Thursday, October 28, 2010


We'll talk more about Madagascar in the next class but if you are interested in biology it is hard not to be interested in just why Madagascar has such a high number of endemic species.

The simplest explanation would be that after Gondwana broke apart and Madagascar separated from Africa 120 million years ago the isolation led to evolution and allopatric speciation. The problem though is that lemurs and some other groups had not yet evolved on the African continent 120 million years ago. We think much of Madagascar's animal population began arriving much later, sometime after 65 million years ago - and subsequently speciated from these original colonists. This raises the very interesting question of how they got there. Did they cross a causeway or land bridge that now no longer exists, did they swim or 'raft' on vegetation?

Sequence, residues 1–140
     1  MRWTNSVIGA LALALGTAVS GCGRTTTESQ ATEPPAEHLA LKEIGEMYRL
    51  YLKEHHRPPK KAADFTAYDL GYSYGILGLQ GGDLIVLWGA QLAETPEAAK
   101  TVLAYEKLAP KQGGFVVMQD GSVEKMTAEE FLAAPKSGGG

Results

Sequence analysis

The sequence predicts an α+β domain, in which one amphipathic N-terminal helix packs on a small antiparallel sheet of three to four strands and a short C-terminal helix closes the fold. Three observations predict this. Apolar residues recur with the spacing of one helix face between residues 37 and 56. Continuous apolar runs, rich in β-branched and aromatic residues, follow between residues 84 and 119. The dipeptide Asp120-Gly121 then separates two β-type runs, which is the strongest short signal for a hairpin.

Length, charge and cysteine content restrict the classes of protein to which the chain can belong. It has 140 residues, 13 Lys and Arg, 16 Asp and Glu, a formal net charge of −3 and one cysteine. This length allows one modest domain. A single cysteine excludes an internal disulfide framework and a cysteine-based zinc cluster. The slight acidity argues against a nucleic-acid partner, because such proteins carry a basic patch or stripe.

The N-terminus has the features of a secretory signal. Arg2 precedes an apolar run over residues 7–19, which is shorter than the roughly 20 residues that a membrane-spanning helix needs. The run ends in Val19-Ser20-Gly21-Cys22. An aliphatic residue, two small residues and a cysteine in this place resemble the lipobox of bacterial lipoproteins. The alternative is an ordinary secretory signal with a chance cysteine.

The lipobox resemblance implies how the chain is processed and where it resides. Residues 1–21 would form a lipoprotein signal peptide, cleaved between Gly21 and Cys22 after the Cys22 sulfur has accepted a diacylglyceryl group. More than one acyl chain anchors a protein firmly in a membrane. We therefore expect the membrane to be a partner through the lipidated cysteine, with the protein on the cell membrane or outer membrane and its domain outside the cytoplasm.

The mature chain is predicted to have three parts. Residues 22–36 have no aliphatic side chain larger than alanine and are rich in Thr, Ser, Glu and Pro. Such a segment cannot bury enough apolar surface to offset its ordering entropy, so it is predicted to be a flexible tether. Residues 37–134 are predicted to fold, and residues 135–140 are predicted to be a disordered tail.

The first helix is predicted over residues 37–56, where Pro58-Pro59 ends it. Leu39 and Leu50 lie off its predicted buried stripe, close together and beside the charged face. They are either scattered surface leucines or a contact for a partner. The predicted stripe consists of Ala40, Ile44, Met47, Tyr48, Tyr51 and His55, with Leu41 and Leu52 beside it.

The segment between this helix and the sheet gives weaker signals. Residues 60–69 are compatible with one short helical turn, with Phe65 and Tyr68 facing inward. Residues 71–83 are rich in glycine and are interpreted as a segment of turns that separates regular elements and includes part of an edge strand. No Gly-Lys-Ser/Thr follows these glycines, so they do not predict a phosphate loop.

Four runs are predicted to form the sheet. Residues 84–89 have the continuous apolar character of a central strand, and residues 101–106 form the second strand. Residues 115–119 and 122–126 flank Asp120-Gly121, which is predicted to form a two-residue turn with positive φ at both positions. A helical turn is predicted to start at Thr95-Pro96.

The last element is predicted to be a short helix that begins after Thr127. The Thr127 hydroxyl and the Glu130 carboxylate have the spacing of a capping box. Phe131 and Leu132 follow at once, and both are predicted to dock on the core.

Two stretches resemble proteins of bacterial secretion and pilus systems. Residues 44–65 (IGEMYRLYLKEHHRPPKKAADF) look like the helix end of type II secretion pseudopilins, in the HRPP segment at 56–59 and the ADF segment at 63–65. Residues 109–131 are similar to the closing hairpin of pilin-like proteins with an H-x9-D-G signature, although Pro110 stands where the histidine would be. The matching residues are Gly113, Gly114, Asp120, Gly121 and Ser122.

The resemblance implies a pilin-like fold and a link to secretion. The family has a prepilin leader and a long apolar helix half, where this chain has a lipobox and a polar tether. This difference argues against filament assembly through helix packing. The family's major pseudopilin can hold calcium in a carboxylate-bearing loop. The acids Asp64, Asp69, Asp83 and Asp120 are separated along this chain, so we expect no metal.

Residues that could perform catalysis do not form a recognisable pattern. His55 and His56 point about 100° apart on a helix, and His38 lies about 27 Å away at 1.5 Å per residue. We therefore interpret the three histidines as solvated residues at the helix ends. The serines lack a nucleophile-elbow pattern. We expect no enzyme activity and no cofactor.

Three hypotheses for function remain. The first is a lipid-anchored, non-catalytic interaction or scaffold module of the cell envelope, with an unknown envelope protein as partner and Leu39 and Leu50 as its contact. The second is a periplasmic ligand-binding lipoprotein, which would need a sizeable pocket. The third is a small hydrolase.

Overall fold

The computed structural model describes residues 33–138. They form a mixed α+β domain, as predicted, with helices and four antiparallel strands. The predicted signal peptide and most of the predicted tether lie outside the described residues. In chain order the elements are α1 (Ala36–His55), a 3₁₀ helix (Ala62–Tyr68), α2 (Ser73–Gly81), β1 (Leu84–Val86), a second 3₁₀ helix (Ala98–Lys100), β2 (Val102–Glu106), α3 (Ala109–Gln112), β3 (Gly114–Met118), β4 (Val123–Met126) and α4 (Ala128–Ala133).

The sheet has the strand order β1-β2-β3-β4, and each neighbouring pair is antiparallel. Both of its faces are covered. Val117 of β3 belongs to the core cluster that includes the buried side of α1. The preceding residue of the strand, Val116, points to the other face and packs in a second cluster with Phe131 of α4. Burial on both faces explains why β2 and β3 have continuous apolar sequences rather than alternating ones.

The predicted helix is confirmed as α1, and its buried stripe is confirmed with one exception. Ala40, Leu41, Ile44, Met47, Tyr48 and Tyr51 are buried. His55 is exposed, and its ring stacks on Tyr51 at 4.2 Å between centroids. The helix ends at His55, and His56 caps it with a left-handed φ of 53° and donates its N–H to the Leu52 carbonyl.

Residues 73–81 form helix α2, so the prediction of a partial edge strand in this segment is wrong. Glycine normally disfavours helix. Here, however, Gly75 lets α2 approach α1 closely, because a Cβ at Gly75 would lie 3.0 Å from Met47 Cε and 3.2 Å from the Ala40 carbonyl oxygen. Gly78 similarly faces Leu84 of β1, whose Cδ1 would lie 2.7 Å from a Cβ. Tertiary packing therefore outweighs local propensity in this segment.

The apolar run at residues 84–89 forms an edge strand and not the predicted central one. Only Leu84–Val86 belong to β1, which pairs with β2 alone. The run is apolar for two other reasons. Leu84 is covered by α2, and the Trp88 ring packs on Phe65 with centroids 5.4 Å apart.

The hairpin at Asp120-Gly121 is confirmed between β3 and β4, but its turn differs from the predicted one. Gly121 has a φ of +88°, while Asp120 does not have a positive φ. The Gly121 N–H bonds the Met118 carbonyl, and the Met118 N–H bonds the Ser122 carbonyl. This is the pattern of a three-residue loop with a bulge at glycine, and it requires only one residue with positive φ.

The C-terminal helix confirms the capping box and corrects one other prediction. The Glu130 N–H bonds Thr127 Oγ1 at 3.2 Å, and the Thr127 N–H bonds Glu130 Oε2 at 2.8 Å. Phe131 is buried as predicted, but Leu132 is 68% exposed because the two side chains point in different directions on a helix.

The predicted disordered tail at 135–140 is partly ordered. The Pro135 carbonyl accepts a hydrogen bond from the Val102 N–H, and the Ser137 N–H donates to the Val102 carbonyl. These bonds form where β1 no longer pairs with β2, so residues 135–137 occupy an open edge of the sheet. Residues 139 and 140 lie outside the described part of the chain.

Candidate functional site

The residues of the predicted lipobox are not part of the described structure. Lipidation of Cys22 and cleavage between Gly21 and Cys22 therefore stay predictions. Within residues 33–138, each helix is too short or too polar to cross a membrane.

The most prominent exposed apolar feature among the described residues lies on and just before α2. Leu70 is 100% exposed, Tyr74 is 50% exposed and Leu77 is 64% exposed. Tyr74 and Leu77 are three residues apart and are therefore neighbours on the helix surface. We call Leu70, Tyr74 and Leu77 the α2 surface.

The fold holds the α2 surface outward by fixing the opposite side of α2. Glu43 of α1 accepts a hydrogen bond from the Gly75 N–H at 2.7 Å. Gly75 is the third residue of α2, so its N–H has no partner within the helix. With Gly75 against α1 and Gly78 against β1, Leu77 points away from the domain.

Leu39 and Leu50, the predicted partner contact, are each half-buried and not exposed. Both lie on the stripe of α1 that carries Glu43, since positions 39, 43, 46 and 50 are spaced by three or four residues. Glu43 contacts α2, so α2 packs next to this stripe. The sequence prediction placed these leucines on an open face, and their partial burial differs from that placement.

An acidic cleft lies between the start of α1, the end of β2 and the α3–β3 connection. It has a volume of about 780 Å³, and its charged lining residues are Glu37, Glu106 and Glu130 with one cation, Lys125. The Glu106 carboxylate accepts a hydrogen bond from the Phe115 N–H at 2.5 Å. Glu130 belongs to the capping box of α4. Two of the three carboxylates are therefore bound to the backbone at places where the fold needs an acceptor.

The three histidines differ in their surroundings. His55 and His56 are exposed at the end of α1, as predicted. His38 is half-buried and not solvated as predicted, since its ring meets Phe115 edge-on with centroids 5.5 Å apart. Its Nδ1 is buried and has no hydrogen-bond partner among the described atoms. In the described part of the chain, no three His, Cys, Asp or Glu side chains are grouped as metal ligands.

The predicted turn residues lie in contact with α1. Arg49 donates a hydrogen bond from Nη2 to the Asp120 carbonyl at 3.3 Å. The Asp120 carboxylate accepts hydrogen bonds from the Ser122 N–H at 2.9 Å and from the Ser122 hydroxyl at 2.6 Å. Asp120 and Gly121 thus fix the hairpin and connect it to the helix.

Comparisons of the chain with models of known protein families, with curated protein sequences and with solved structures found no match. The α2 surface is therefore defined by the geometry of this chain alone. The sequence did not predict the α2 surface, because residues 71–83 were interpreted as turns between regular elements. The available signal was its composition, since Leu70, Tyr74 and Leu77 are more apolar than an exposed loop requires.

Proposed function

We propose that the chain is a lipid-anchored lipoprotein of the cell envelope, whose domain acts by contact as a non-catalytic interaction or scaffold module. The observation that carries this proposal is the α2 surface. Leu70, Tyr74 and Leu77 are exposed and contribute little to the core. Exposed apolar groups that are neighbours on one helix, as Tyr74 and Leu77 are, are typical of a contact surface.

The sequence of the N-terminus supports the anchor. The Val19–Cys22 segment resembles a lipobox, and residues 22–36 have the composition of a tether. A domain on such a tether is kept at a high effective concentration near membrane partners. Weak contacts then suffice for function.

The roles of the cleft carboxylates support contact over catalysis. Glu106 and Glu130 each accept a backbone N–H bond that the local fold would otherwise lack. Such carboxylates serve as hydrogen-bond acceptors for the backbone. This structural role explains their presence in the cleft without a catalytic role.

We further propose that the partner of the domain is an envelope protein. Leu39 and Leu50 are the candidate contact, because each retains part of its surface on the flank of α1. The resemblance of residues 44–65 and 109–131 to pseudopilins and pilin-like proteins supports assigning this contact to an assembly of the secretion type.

A paper in Science earlier this year provides evidence supporting the rafting hypothesis: Mammalian biodiversity on Madagascar controlled by ocean currents
There's a nice editorial summary too: Biogeography: Washed up in Madagascar

How, when and from where did Madagascar's unique mammalian fauna originate? The idea that the ancestors of that fauna rafted from Africa finds support in innovative simulations of ancient ocean currents.

Which explains why there are no elephants on Madagascar. A rat on a bunch of sticks and vegetation swept out to sea surviving for a few days is not hard to believe. Even a lemur ancestor on a tree swept downriver and out to sea in a storm. But an elephant? It's an amusing image but simply not likely.

As an aside it is perhaps an indication of one of the problems of conservation that a Google Image search on one of the most photogenic and unique places on earth brings up page after page of pictures of an animated movie.

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